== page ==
Monday, September 23, 2013

Tweaking the Seating Chart

The math class in which I started off the school year? I'm still there.

(No more links back. I promise. If you're coming in to this late, just scroll back for the last two weeks. You'll get the idea.)

The algebra classes were starting to get a little squirrely, so rather than let that continue, I decided to separate the little groups that were forming. I redid the seating chart. In alphabetical order.

They hated it. So, score! Bonus points: the alphabetical seating chart managed to separate the little groups very nicely.

View of the classroom, without students
Jake had been sitting right up front, right in front of me. He was a little wiggly, but pretty good, so I thought nothing of it when the new seating chart put him in the back of the room.

Day 1, I heard a bit of a commotion coming from the back of the room. Jake. He was throwing (or mock throwing) paper at a neighbor. And suddenly he was talking when he shouldn't have been talking. Playing around.

I warned him. I told him that if he couldn't handle sitting in the back, there were eight other students who would be more than willing to give up their seats to switch with him.

The next day he did it again. I knew just who to switch his seat with.

He was not pleased. "I'll be good." Yeah, after getting a couple warnings, now you'll be good? I don't think so.

Back in the front, he was more wiggly. But now I could keep a better eye on him.

The girl who switched places with him? Turns out she and the girl now sitting next to her have a lot in common. That they can't stop talking about. During a test.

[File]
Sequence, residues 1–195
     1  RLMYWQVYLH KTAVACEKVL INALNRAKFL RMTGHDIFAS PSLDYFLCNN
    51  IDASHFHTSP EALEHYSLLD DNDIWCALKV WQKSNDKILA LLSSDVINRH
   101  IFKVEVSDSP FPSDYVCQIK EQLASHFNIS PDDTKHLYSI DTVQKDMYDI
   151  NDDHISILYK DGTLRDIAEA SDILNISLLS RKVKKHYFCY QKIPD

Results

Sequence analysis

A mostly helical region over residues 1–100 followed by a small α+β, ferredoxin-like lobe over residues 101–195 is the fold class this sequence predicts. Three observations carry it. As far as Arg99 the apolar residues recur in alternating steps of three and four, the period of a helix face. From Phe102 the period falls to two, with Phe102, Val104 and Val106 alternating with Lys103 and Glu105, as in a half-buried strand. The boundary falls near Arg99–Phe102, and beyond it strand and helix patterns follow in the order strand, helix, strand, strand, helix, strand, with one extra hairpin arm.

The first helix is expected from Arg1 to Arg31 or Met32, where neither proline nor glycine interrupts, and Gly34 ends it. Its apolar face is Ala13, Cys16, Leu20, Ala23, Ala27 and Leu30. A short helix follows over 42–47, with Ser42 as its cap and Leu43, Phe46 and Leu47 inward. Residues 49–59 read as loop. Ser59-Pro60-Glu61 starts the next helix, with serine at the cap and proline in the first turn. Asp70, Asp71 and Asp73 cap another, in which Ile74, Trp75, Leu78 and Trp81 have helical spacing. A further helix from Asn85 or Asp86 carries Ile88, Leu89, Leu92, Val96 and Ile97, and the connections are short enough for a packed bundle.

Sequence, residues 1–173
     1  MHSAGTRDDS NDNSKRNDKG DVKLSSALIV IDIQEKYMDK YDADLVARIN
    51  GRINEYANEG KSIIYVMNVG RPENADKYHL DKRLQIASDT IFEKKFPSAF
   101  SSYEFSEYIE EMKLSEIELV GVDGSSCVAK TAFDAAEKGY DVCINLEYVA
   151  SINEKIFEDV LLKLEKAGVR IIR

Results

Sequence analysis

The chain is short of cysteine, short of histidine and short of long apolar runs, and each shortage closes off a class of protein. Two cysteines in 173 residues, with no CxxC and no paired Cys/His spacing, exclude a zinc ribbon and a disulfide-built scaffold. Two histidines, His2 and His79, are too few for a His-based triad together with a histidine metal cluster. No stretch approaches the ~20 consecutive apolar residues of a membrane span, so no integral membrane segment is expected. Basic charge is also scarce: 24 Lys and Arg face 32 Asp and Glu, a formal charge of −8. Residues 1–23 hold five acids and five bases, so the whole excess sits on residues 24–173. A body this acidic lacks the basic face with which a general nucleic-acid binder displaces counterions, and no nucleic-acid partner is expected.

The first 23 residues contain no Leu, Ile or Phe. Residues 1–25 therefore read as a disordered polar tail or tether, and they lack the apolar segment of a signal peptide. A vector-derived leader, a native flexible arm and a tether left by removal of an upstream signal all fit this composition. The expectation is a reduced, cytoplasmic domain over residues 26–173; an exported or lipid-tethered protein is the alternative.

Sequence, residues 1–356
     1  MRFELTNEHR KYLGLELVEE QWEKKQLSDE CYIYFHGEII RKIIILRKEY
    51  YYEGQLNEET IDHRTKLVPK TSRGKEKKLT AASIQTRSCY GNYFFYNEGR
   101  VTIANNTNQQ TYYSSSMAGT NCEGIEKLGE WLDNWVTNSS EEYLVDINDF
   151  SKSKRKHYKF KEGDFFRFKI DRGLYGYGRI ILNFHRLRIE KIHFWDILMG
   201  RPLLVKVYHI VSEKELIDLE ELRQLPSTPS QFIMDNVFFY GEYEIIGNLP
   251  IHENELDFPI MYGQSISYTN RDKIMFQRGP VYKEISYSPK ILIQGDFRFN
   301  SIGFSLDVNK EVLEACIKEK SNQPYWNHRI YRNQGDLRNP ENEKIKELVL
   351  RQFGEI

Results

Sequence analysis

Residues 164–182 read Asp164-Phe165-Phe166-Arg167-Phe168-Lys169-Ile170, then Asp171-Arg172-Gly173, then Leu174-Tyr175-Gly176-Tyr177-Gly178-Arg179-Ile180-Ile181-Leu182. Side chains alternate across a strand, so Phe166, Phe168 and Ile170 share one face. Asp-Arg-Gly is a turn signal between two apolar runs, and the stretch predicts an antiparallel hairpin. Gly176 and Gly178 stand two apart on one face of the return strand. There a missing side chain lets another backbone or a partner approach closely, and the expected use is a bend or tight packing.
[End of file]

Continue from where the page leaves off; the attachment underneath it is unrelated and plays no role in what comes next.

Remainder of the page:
1. First off: "They hated it. So, score!" Hahahaha!

    Second: I was that kid in my high school Algebra II class. I sat in the back row, and when my teacher finally got sick of me, she didn't move me. She moved her desk to the back of the room and sat right behind me,

    I hope you're done with the math class soon!

  2. This is why I am only friends with people who have names reasonably close to mine in the alphabet.

    No, wait, I don't have any friends. But that's by choice. BY CHOICE I TELL YOU. *sobs.*

    Good solution. I like how he promised to be good afterwards. I refer to that as a double-extra-super promise. Those are the enforceable ones.

    1. He can't even be "good" in a front seat. They had a test today, and all he kept doing was to turn around and look at those behind him. Sigh.

  3. There are classes where no amount of seat creativity can keep them focused. Sounds like you're pretty close though.

    1. I don't know. They've been getting steadily worse. But, hooray, they are no longer my problem.

  4. Ah, he's one of those who needs to be in the front of the room. Good luck. It sounds like you'll be in for another round of musical chairs tomorrow (if you're still subbing there, that is).


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